Companies are gearing towards wanting advanced degrees even for entry level positions. There are so many graduate degrees and experienced professional adults to pull from that someone in their 20s with only an undergrad liberal arts degree, without 3-5 years of substantive work experience as defined by the respected companies HR, may find it hard in today's current job environment.

I highly suggest to those of you who are not working Fortune 500, immediately do so.

Good positions to look for that assist you in building your resume: consulting, risk, contracts. These areas are also considered JD preference jobs and look great while you are a 0L. If you are not qualified for those positions. Working for a firm engaging in Foreclosure or bkptcy or short sales is very good. I say these three areas because someone with only a liberal arts degree can more than likely find a job in a firm or in house. Also, with a liberal arts degree jobs engaged or titled "research" are good too.

In conclusion, my situation:
No law school, than a full time worker bee :)

User avatar
jtabustos
Posts: 108
Joined: Tue Feb 12, 2013 10:53 pm

Re: 0Ls: What's your plan B?

Postby jtabustos » Sat Feb 23, 2013 8:16 am

http://finance.yahoo.com/news/takes-b-j ... 2U-;_ylv=3

Not sure how this relates to the OP's thread, but I saw this the other day. It takes a BA to serve as a file clerk nowadays at some jobs.

I've thought about LSAT tutoring for a part-time position.

toothbrush
Posts: 2388
Joined: Thu Jul 05, 2012 2:21 pm

Re: 0Ls: What's your plan B?

Postby toothbrush » Sat Feb 23, 2013 9:52 am

Legacy Rabbit wrote: I highly suggest to those of you who are not working Fortune 500, immediately do so.

this is excellent.


I have a BA in Philosophy and Spanish.

I dwell on my plan B options more and more lately. I'm pretty unsure of what I'd like to do the most but I have a feeling post JD i'll end up doing one of these anyways :( Does anyone else feel that way? Like 10 years out I have a good feeling I'll be back in school.

- PhD / PsyD in Psych and do mental health counseling with teens / marriage and family therapy
(mental health has always been an interest of mine)

- Teach Spanish at lower level ( I guess get a Masters in Ed + cert classes)

- Work for UN Secretariat

P-salms
Posts: 52
Joined: Thu Jun 16, 2011 8:36 pm

Re: 0Ls: What's your plan B?

Postby P-salms » Sat Feb 23, 2013 10:04 am

Plan B distracts plan A. I'll either make it and struggle or vice-versa.

User avatar
scifiguy
Posts: 575
Joined: Sat Sep 15, 2012 2:41 pm

Re: 0Ls: What's your plan B?

Postby scifiguy » Tue Feb 26, 2013 5:14 am

Would anyone do this job?

http://www.youtube.com/watch?v=gPvCuc1_mgM (the video says it's the most dangerous job in the world and you need heart just to watch)

I feel I'd be paralyzed by fear.

User avatar
HankBashir
Posts: 536
Joined: Mon Jan 21, 2013 3:01 am

Re: 0Ls: What's your plan B?

Postby HankBashir » Tue Feb 26, 2013 5:21 am

The only plan B I have is to take my Mandarin and Spanish language skills and attempt to work for the State Department as a Foreign Serivice Offcer. Lord knows if I'd pass the test.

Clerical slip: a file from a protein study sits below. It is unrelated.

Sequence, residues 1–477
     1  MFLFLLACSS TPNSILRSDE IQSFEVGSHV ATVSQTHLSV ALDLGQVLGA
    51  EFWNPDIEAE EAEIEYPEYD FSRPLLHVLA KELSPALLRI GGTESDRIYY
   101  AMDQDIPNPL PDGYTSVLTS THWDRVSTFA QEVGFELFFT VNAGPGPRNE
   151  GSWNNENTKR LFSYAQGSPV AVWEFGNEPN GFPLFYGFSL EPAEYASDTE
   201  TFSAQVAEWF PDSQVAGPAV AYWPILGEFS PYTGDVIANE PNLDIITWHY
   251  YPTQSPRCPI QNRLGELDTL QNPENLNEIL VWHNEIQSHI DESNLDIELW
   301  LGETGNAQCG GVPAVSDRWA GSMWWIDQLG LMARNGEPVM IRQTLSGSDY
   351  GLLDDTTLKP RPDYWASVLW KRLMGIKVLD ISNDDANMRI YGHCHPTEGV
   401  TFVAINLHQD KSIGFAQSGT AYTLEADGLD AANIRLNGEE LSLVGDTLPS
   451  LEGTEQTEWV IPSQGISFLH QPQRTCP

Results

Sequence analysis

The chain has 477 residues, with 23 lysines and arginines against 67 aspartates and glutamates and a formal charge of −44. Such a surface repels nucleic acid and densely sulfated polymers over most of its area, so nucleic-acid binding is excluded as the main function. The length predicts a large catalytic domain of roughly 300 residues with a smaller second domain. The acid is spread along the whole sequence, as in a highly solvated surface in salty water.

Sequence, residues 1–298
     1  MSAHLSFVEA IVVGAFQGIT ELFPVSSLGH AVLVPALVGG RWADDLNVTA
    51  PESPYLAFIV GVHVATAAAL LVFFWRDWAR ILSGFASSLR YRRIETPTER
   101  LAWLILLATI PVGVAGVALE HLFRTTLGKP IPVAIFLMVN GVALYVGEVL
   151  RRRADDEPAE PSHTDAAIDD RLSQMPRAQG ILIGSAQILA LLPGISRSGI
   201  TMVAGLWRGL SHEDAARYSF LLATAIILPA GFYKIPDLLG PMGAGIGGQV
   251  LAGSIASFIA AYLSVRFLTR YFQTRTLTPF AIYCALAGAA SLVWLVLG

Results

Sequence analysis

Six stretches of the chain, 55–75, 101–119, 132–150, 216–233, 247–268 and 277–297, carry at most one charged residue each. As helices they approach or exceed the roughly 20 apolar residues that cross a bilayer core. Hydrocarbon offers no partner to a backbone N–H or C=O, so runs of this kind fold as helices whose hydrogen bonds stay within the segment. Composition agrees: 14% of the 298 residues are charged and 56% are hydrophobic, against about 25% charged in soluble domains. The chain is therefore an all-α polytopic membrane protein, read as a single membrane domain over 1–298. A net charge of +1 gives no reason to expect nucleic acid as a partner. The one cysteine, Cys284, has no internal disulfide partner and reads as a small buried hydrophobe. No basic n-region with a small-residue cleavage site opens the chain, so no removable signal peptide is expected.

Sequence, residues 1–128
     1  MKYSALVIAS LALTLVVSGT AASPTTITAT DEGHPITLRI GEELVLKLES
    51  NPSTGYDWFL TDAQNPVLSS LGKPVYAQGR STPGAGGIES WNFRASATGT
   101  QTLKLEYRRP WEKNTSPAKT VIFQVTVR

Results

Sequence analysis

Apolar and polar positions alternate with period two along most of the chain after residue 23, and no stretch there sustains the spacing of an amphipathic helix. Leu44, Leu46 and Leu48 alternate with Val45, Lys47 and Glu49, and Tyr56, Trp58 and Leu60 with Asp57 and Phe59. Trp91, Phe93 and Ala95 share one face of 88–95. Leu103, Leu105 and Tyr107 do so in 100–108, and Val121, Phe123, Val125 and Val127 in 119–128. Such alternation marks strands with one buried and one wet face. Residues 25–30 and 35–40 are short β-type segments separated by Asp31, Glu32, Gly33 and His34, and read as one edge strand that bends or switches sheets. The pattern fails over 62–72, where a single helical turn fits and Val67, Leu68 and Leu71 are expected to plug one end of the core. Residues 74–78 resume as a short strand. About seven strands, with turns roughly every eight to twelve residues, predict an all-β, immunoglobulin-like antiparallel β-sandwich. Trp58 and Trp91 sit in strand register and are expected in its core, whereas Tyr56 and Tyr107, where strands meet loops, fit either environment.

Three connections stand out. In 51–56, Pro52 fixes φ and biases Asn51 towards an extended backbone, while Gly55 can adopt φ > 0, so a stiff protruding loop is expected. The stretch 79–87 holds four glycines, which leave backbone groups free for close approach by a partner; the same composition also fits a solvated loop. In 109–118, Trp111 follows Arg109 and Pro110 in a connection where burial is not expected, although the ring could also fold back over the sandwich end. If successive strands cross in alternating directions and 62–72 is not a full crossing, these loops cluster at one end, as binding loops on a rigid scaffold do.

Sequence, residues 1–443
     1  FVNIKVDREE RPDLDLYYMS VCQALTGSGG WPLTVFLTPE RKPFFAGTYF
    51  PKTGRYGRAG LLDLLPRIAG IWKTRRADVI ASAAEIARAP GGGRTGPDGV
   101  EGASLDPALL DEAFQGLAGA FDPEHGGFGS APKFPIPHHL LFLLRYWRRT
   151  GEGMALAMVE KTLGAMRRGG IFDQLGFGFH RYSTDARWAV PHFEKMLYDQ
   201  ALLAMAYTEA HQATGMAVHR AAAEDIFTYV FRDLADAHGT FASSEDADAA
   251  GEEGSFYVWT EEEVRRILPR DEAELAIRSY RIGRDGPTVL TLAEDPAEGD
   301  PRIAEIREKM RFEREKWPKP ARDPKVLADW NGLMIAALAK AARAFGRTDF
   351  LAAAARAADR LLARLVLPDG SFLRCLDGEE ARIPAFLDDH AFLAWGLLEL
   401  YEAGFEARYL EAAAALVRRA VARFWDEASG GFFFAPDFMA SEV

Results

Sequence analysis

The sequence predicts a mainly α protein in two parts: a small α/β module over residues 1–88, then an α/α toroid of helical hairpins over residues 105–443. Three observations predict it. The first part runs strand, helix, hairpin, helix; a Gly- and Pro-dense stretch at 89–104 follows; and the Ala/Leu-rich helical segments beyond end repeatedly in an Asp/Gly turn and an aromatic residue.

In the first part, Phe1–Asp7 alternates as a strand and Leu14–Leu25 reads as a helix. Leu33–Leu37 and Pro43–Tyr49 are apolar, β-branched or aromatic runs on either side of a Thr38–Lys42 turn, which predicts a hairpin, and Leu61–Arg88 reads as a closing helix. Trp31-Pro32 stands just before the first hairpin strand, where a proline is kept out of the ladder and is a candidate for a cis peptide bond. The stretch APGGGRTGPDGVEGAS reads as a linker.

I currently only have one T14 acceptance, at GULC, and since I want BigLaw, I might not end up going if I can't get into some place with better BigLaw placement stats.

User avatar
star fox
Posts: 13748
Joined: Fri Feb 01, 2013 4:13 pm

Re: 0Ls: What's your plan B?

Postby star fox » Thu Feb 28, 2013 6:18 pm

Legacy Rabbit wrote:Double Major: Philosophy and Poli Sci and Minored in History.

I guess my undergrad degree has plateaued for my situation. I was very concerned about my ability to underwrite my lifestyle, and most importantly remain competitive, so I went back and received a paralegal certification that was newly being offered at my undergrad institution. My justification was that I need to have the income to help pay for law school and pay for the lifestyle. I wanted to remain "me" and pay out of pocket as much as I can. Plus, as oppose to going to school full time two semesters a year over three years and work in the summer, go part-time and hold a position that engages in substantive legal work at least 50 percent of the time.

This certification led to an internship with a highly respected tech company for a year. The certification, the tech company, the undergrad degree, and my prev years of work experience have culminated to a present situation of a job offer for about 50k as a paralegal. I will attend law school this fall in the state I grew up in part-time.

Companies are gearing towards wanting advanced degrees even for entry level positions. There are so many graduate degrees and experienced professional adults to pull from that someone in their 20s with only an undergrad liberal arts degree, without 3-5 years of substantive work experience as defined by the respected companies HR, may find it hard in today's current job environment.

I highly suggest to those of you who are not working Fortune 500, immediately do so.

Good positions to look for that assist you in building your resume: consulting, risk, contracts. These areas are also considered JD preference jobs and look great while you are a 0L. If you are not qualified for those positions. Working for a firm engaging in Foreclosure or bkptcy or short sales is very good. I say these three areas because someone with only a liberal arts degree can more than likely find a job in a firm or in house. Also, with a liberal arts degree jobs engaged or titled "research" are good too.